On 2012-12-02 05:42, Jim Klimov wrote:
My plan is to dig out the needed sectors of the broken block from
each of the 6 disks and try any and all reasonable recombinations
of redundancy and data sectors to try and match the checksum - this
should be my definite answer on whether ZFS (of that oi151.1.3-based
build) does all I think it can to save data or not. Either I put the
last nail into my itching question's coffin, or I'd nail a bug to
yell about ;)

Well, I've come to a number of conclusions, though did not yet close
this matter to myself. One regards the definition of "all reasonable
recombinations" - ZFS does not do "*everything* possible" to recover
corrupt data, and in fact it can't, nobody can.

When I took this to an extreme, assuming that the bytes at different
offsets within a sector might fail on different disks that comprise a
block, attempt to reconstruct and test single failed sector per-byte
becomes computationally infeasible - for 4 data disks and 1 parity I
got about 4^4096 combinations to test. The next Big Bang will happen
sooner than I'd get a "yes or no", or so they say (yes, I did a rough
estimate - about 10^100 seconds if I used all computing horsepower on
Earth today).

If there are R known-broken rows of data (be it bits, bytes, sectors,
whole columns, or whatever quantum of data we take) on D data disks
and P parity disks (all readable without HW IO errors), where "known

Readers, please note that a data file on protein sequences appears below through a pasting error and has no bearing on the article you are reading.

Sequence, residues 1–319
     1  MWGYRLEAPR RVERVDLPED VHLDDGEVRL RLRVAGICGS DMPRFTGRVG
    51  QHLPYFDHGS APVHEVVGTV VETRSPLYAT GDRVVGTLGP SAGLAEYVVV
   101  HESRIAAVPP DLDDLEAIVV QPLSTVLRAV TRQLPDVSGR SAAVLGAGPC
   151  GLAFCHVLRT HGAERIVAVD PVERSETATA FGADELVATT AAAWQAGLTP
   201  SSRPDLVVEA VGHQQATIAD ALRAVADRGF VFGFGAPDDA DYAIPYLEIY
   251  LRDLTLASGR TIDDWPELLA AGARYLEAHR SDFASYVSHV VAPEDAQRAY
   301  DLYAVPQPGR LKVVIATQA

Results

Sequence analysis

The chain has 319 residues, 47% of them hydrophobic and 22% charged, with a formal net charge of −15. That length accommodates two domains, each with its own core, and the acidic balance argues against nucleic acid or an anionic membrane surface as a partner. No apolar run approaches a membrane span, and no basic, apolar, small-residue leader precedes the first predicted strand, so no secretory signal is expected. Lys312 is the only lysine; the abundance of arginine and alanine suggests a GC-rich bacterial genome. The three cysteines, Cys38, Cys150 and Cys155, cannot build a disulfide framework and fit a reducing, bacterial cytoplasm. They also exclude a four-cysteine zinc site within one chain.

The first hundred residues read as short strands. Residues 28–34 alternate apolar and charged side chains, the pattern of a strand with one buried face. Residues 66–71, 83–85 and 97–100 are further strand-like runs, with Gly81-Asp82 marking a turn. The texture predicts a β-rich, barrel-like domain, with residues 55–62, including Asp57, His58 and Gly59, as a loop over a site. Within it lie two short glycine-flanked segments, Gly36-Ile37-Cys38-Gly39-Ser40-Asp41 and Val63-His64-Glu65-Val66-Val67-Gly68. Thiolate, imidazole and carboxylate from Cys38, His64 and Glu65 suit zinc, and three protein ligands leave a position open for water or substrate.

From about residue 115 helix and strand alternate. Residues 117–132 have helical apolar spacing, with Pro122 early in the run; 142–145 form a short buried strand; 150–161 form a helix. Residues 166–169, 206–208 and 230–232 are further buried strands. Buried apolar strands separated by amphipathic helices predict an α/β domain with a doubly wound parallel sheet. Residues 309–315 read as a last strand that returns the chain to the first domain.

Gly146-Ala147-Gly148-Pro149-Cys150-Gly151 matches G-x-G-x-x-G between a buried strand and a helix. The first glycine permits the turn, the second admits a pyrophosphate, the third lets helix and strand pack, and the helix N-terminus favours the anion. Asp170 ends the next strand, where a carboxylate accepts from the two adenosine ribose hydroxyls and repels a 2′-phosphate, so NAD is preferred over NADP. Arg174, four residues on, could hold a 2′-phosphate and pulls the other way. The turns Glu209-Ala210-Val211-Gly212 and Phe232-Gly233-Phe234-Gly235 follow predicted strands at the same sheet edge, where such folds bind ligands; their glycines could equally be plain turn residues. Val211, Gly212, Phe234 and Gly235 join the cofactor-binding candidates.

brokenness" is both a parity mismatch in this row and checksum mismatch
for the whole userdata block, we do not know in advance how many errors
there are in the row (only hope that not more than there are parity
columns) nor where exactly the problem is. Thanks to checksum mismatch
we do know that at least one error is in the data disks' on-disk data.

We might hope to find a correct "original data" which matches the
checksum by determining for each data disk the possible alternate
byte values (computed from bytes at same offsets on other disks of
data and parity), and checksumming the recombined userdata blocks
with some of the on-disk bytes replaced by these calculated values.

For each row we test 1..P alternate column values, and we must apply
the alteration to all of the rows where known errors exist, in order
to detect some neighboring but not overlapping errors in different
components of the block's allocation. (This was the breakage scenario
that was deemed possible for raidzN with disk heads hovering over
similar locations all the time).

This can yield a very large field of combinations with small height
of rows (i.e. matching 1 byte per disk), or too few combinations with
row height chosen too big (i.e. whole portion of one disk's part of
the userdata - quarter in case of my 4-data-disk set).

For single-break-per-row tests based on hypotheses from P parities,
D data disks and R broken rows, we need to checksum P*(D^R) userdata
recombinations in order to determine that we can't recover the block.

To catch the less probable several errors per row (up to the amount of
parities we have), we need to retry even more combinations afterwards.